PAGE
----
Wish You Were Here, a brand new social site, invites me to join. I log on and fill out a questionnaire, but it never asks me what I wish for. Since I filled out that form someone has been sending e-mails saying, “Don’t wait too long to call me if you really want to find IT.” Another message arrives before I even log out, “If you want IT, don’t wait. There are others waiting to push ahead and be number one on my page.”
I reply. “Maybe someday we’ll meet in a non-electronic world where we can touch, feel and know what we see is really there.” I had no idea who or what this person looked like, or what IT was.
Another e-mail comes through. “I’ll be at Starbucks at 3.”
How does the sender know that’s where I go every day at 3? He/She knows what I look like and where I go, so I may as well go see what the hell IT is.
I arrive at Starbucks and look around to see if anyone fits what I think may look like an e-mail stalker.
I sit next to a guy wearing an expensive-looking suit, polished shoes, a designer watch and a ruby ring big enough to excite any pawnbroker. He surveys my off-the-rack clothes as though they are mere rags. I stare hard at him.
He smiles. “Can you play the blues?” He points at the harp in my shirt pocket. “Saw the Mississippi saxophone sticking out of your pocket and figured you must.”
“Yeah, I play some. Why?”
He reaches into his inside jacket pocket and pulls out a chromatic harmonica and blows several chords of classical, then changes to down home blues. Inspired, I pull out my harp and join him in belting out some bluesy sounds that changes Starbucks into a different place.
Customers clap their hands and stomp their feet in a beat. Before long, the entire clientele stands around listening to our music. A few even throw money our way.
“My dad used to play this hobo harp,” says a guy in his early twenties, wearing a ripped- up T and jeans. He yanks it from his pocket and joins in. Three of us blowing harps, clapping hands, beating on tables and stamping our feet gets the entire place rocking with the blues. I have such a good time, I forget why I’m here.
We play for two hours. The place is packed and a few hundred bucks lies at our feet. Every time we stop playing, they yell for more and throw money to entice us. I look at the guy in the suit, he looks at me, we both look at the kid in raggedy jeans and we know he can use the dough, so we continue to play.
We finally take a break and get coffee on the house because our music put everyone in a generous mood. We talk and I mention my e-mails and tell about IT.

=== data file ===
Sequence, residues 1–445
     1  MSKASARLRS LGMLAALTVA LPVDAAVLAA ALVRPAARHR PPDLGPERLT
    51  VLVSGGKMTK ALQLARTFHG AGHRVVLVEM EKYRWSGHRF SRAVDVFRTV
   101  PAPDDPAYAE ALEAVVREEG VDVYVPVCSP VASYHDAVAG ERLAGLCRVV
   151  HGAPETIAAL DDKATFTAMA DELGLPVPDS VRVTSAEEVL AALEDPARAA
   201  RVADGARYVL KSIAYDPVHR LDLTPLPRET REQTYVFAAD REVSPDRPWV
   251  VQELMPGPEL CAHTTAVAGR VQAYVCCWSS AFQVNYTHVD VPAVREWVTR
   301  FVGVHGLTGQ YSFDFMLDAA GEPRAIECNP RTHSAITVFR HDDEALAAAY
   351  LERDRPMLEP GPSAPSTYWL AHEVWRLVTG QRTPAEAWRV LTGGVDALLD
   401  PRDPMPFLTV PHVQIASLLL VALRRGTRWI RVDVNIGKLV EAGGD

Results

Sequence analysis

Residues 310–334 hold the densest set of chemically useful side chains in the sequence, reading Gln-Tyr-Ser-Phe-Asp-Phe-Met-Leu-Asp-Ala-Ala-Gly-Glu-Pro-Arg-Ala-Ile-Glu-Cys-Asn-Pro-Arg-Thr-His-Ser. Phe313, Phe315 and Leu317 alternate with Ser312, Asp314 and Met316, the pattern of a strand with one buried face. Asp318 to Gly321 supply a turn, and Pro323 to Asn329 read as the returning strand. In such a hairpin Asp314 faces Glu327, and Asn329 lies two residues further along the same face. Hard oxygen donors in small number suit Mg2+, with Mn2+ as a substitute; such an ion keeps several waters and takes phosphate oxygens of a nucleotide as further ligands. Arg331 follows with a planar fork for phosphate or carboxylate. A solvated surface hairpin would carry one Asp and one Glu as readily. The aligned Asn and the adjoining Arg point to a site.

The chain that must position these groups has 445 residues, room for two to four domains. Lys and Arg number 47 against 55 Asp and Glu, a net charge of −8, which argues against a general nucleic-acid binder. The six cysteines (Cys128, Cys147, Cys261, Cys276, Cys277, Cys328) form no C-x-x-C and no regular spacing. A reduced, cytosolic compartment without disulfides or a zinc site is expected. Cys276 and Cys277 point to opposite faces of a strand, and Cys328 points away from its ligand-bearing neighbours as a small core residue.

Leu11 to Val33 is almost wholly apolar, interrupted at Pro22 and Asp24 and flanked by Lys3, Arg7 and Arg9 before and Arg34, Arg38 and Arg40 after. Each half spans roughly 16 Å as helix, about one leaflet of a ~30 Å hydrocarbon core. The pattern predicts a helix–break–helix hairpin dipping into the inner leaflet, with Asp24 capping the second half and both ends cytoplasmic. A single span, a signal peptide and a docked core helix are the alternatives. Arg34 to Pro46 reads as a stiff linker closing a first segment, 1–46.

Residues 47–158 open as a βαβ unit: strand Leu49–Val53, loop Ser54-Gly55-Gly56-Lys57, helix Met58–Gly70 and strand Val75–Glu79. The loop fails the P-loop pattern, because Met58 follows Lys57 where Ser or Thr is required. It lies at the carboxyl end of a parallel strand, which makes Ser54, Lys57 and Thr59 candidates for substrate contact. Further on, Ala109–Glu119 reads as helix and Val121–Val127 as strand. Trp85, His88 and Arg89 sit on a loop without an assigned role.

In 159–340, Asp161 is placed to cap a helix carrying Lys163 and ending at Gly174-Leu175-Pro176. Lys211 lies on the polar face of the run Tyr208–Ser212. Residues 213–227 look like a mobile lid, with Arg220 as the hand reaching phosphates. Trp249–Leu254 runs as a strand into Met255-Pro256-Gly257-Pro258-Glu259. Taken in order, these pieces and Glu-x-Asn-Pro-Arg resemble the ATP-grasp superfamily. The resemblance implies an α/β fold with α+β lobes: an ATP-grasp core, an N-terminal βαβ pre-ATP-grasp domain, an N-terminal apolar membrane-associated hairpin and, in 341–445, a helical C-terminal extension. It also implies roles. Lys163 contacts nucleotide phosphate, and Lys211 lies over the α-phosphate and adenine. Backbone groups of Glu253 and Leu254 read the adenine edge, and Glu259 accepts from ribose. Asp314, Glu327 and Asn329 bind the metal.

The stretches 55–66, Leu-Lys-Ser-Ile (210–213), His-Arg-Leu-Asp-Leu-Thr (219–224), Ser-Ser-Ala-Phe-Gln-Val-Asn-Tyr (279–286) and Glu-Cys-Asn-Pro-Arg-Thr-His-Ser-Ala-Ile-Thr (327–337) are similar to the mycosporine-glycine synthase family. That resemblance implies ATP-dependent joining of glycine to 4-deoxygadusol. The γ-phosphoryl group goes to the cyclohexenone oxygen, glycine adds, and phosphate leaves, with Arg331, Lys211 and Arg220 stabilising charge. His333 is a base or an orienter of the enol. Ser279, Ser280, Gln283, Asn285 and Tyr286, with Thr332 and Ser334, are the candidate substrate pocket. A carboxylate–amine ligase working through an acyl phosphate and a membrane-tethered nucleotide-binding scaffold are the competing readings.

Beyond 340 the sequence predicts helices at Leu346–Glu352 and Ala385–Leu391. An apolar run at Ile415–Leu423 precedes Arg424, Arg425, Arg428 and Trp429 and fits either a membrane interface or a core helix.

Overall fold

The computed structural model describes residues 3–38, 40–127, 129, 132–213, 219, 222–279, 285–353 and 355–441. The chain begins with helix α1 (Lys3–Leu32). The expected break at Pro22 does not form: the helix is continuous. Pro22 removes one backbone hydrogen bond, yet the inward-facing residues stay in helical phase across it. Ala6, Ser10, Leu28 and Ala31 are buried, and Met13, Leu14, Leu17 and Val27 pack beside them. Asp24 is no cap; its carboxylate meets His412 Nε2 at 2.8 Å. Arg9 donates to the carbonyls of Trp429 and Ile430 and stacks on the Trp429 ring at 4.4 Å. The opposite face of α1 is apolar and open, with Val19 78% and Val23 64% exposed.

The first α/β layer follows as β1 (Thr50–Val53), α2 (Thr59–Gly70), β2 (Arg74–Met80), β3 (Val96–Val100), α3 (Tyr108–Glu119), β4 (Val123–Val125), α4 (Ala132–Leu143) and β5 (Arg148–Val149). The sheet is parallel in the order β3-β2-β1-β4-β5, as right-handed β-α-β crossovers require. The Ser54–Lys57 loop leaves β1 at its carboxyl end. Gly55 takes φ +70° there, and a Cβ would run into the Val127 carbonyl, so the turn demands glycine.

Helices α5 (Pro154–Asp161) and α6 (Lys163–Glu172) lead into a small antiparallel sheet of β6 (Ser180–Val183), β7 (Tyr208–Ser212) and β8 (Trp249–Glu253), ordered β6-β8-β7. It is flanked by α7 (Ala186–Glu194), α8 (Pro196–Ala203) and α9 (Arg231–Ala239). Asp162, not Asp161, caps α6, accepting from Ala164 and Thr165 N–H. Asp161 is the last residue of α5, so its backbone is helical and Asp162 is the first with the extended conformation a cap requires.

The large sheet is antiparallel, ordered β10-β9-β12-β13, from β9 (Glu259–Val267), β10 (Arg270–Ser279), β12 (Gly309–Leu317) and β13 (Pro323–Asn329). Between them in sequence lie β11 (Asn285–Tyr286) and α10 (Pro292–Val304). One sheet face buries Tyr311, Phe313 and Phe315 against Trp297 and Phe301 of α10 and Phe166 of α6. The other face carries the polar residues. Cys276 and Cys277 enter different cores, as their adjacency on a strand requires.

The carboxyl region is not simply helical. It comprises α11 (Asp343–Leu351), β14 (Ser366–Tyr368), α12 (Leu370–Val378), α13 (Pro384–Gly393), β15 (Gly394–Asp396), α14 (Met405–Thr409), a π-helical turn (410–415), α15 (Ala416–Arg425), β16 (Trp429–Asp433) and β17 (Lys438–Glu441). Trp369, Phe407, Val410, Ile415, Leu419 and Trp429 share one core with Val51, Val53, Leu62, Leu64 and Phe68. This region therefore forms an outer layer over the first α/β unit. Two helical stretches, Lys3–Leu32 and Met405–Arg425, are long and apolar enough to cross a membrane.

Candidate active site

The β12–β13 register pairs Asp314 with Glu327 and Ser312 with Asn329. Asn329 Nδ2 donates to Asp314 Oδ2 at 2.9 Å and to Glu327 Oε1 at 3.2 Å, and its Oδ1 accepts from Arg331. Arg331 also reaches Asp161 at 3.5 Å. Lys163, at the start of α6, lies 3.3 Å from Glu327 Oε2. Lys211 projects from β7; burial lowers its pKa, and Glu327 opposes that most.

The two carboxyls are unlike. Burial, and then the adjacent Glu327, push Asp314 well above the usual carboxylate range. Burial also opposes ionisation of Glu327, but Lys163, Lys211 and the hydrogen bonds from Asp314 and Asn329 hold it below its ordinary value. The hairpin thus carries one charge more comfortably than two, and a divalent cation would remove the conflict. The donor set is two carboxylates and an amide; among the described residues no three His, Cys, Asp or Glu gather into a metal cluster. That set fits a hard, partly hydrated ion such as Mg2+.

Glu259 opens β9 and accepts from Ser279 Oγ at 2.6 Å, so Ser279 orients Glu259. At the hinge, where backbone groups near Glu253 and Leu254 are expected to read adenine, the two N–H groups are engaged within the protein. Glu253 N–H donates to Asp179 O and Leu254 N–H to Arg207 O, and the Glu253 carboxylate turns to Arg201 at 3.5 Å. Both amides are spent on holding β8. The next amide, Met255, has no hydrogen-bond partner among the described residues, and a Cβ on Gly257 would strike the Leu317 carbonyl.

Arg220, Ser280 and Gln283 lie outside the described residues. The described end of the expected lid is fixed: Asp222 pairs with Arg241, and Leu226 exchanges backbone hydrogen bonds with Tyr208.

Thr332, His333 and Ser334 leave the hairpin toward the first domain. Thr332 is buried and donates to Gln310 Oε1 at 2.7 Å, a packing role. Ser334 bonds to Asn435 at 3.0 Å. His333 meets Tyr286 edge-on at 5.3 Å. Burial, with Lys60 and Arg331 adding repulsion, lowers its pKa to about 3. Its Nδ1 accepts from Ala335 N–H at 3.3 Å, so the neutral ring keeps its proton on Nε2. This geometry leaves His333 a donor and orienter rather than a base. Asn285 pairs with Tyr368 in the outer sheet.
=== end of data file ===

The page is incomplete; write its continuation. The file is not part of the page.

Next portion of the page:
“My name is Frank,” the guy in the suit says, “and I received the same message and came to see what the heck IT was too.”
“Me too,” says the kid, whose name is Jimmy. “Seems like playing together we really have IT.
“Yeah we do,” I say, “but that’s a coincidence. Can’t be what the message meant. Can it?”
All heads turn. At the entrance, a tall, good-looking blonde has just strutted through wearing a white, almost transparent T-shirt with the letters I. T. blazoned across her massive breasts.
“That’s, why I’m here,” I say and jump up before Frank or Jimmy can move and rush to her side.
“You’re the one I’m here to find.” My eyes glue to the letters IT on her shirt. I explain that we three were waiting to discover IT.
“Me too,” she says. “I’m late. I was supposed to be here at 3. My name is Sue, and I’m a singer. I filled out a form on ‘Wish You Were Here’ three days ago. Then I got received an e-mail to come here to find IT.”
“Me too,” says Frank and Jimmy.
“Let’s do a set,” I say and all three of us play while Sue sings. The patrons fall in love with the sound her vocal cords produce, and her T-shirt. We agree that we’ll be a hit wherever we play. We exchange info and plan to get an agent to get us some local gigs before we record an album of our own. Quick, I know, but we know we have IT.
When I return home there’s a message waiting for me from the Wish You Were Here site. “You have found IT, now there is a price to pay.” Kinda cheesy, I think, charging me for an intro, but I figure it’s worth something for meeting my new group. I ask, “How much?” I watch in amazement as letters appear on my screen one at a time. “Not how much. Who do I have to kill is the correct question.”
I type in, “You’re kidding!”
“No. You got your wish, now you need to fulfill another’s.”
“But I didn’t make a wish.”
“You filled out the form and an algorithm decided what your secret wish was and fulfilled it for you. Now you pay the price or you become the victim of another customer who needs to fulfill his wish to rape and murder a man.”
“You’re Bullshitting me, right?”
“You have 15 minutes to decide.” The screen goes blank. Can this be real? I think of the four of us meeting up at Starbucks and how well we fit together. I always have had a secret wish to be a famous blues musician.
Can I victimize another to fulfill my dream, or do I become a victim to some maniac? It’s not long before I begin to type, “After carefully considering your proposition, I . . . .